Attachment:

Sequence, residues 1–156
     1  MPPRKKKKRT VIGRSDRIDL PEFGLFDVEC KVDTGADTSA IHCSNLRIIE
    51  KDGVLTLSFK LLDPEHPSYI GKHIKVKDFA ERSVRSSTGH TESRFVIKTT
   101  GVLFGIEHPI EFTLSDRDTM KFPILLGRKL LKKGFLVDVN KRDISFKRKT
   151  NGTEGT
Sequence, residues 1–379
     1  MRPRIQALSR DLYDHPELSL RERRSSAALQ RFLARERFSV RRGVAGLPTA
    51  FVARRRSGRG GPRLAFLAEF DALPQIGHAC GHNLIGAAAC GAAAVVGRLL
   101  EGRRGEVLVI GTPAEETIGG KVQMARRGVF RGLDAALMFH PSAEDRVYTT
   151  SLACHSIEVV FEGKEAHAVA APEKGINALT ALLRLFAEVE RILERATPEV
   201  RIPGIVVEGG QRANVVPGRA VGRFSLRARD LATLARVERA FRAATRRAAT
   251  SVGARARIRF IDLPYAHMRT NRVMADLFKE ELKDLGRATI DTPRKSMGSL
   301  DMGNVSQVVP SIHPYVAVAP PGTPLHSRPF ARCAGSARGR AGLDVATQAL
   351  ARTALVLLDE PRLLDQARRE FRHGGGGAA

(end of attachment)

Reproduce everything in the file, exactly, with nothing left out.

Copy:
Sequence, residues 1–156
     1  MPPRKKKKRT VIGRSDRIDL PEFGLFDVEC KVDTGADTSA IHCSNLRIIE
    51  KDGVLTLSFK LLDPEHPSYI GKHIKVKDFA ERSVRSSTGH TESRFVIKTT
   101  GVLFGIEHPI EFTLSDRDTM KFPILLGRKL LKKGFLVDVN KRDISFKRKT
   151  NGTEGT
Sequence, residues 1–379
     1  MRPRIQALSR DLYDHPELSL RERRSSAALQ RFLARERFSV RRGVAGLPTA
    51  FVARRRSGRG GPRLAFLAEF DALPQIGHAC GHNLIGAAAC GAAAVVGRLL
   101  EGRRGEVLVI GTPAEETIGG KVQMARRGVF RGLDAALMFH PSAEDRVYTT
   151  SLACHSIEVV FEGKEAHAVA APEKGINALT ALLRLFAEVE RILERATPEV
   201  RIPGIVVEGG QRANVVPGRA VGRFSLRARD LATLARVERA FRAATRRAAT
   251  SVGARARIRF IDLPYAHMRT NRVMADLFKE ELKDLGRATI DTPRKSMGSL
   301  DMGNVSQVVP SIHPYVAVAP PGTPLHSRPF ARCAGSARGR AGLDVATQAL
   351  ARTALVLLDE PRLLDQARRE FRHGGGGAA